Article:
“If you could ride on a cloud, where would you go?”
This question is posted on the door of the PreK classroom. The children’s answers are quoted underneath.
“I would go to Grandma’s house.” ~ Jayden
“I would go to Disneyland.” ~ Zach
“I would go to the zoo.” ~ Amanda
And then there’s this one:
“I would take my mom and Tuck and we would go to the Kingdom of God for a visit with my daddy.” ~ Tyler
I can’t say I use the phrase ‘Kingdom of God’ very often (or ever, really), but we talk about heaven a lot. It’s a very real – longed for – place for us.
My children are perhaps more comfortable than you are with the word ‘died.’ It’s because I taught them to say it. Anything else is intangible, painting a shade on what is true, what happened in our home.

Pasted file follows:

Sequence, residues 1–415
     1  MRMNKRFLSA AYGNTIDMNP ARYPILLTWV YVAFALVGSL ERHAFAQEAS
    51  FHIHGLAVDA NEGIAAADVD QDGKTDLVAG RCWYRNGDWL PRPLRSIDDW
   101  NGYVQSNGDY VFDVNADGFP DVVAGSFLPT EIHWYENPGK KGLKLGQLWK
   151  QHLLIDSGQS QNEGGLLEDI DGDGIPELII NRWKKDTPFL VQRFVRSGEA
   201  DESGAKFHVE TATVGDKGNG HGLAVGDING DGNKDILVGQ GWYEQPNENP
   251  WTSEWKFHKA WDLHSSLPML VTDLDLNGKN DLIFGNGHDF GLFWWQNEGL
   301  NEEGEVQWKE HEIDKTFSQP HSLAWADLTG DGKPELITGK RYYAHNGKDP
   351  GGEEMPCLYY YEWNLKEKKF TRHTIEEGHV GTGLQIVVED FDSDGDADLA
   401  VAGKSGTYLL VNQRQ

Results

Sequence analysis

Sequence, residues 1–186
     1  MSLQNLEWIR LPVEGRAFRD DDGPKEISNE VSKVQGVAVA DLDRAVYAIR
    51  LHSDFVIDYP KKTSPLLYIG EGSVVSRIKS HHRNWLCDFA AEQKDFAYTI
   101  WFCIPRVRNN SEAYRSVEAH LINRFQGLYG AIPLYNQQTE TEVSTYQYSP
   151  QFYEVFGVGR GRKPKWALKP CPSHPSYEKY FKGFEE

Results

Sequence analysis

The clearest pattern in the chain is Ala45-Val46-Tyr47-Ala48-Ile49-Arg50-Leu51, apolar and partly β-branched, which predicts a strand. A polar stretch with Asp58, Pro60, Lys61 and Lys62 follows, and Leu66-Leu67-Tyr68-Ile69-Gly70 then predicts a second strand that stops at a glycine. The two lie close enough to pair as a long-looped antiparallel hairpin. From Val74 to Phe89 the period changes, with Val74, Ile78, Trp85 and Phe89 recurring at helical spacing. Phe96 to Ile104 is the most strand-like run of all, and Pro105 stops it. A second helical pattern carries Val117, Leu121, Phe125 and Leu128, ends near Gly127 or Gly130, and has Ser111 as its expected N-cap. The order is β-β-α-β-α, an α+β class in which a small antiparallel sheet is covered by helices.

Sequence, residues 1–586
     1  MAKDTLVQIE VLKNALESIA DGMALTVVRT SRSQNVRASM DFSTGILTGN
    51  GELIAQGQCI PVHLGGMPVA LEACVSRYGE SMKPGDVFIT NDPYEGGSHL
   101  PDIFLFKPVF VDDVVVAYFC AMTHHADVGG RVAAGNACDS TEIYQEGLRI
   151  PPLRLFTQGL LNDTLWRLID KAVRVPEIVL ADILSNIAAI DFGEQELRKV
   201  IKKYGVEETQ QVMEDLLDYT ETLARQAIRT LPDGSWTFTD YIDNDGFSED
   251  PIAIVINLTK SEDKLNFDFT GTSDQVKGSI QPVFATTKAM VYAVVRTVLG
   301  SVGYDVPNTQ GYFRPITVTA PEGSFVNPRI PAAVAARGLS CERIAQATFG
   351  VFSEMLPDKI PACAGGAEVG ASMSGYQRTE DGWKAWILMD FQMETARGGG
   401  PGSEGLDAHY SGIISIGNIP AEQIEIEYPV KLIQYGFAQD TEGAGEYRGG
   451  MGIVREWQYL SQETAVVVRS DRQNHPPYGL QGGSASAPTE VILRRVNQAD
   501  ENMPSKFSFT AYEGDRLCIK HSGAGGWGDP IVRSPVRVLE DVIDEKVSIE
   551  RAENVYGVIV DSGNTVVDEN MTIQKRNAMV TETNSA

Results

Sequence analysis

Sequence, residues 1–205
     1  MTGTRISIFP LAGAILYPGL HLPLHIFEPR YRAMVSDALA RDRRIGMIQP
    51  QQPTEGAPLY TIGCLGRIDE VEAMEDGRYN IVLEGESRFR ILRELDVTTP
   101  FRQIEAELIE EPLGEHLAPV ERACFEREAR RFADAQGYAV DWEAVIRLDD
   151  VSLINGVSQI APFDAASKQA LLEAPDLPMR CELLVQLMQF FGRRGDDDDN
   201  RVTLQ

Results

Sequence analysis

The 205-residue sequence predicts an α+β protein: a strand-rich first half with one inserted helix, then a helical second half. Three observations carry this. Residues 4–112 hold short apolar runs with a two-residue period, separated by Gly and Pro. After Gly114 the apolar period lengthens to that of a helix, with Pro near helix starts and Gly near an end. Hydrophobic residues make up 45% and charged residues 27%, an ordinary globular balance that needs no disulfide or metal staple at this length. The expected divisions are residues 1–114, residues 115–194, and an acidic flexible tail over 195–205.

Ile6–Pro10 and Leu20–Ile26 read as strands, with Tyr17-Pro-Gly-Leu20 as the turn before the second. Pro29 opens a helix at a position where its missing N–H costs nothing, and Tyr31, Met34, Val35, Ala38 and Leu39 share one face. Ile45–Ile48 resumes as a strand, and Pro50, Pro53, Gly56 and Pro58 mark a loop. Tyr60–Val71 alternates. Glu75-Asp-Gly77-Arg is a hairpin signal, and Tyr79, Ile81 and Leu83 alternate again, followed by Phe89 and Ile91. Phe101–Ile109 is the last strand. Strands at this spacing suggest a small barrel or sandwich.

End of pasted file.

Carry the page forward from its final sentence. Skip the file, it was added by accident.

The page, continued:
It’s part of my job as a widowed, single mom: to teach them the skills to tell what happened.
(“Passed away” is a gentle phrase that really means nothing to me.)
This isn’t just my story. It’s theirs. Their daddy died. And if I don’t give them words to talk about it, then they won’t know how to say it. It’s part of my job as a widowed, single mom: to teach them the skills to tell what happened, to tell their story, to tell the truth.
I read that and thought to myself, Goal accomplished. My little boy can tell his story. Other children make plans to go to Grandma’s, Disneyland or the zoo. We make those plans too.
But Tyler’s not afraid to toss heaven into the list. “My Daddy is there.”
As a bonus, I appreciate that he wants to take Tuck and me with him.
On our visit.
To the ‘Kingdom of God.’